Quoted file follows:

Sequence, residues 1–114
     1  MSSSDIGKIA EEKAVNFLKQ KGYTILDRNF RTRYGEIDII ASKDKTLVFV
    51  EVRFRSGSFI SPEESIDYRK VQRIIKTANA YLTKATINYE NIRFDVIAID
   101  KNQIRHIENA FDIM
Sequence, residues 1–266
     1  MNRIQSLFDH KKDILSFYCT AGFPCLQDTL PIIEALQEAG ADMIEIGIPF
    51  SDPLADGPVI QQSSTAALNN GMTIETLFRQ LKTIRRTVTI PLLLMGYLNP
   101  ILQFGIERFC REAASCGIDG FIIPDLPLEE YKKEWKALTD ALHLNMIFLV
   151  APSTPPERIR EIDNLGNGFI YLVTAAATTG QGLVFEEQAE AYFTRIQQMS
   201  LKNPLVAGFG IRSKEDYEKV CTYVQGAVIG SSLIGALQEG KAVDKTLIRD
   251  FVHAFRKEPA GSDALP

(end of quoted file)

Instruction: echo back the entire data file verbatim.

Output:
Sequence, residues 1–114
     1  MSSSDIGKIA EEKAVNFLKQ KGYTILDRNF RTRYGEIDII ASKDKTLVFV
    51  EVRFRSGSFI SPEESIDYRK VQRIIKTANA YLTKATINYE NIRFDVIAID
   101  KNQIRHIENA FDIM
Sequence, residues 1–266
     1  MNRIQSLFDH KKDILSFYCT AGFPCLQDTL PIIEALQEAG ADMIEIGIPF
    51  SDPLADGPVI QQSSTAALNN GMTIETLFRQ LKTIRRTVTI PLLLMGYLNP
   101  ILQFGIERFC REAASCGIDG FIIPDLPLEE YKKEWKALTD ALHLNMIFLV
   151  APSTPPERIR EIDNLGNGFI YLVTAAATTG QGLVFEEQAE AYFTRIQQMS
   201  LKNPLVAGFG IRSKEDYEKV CTYVQGAVIG SSLIGALQEG KAVDKTLIRD
   251  FVHAFRKEPA GSDALP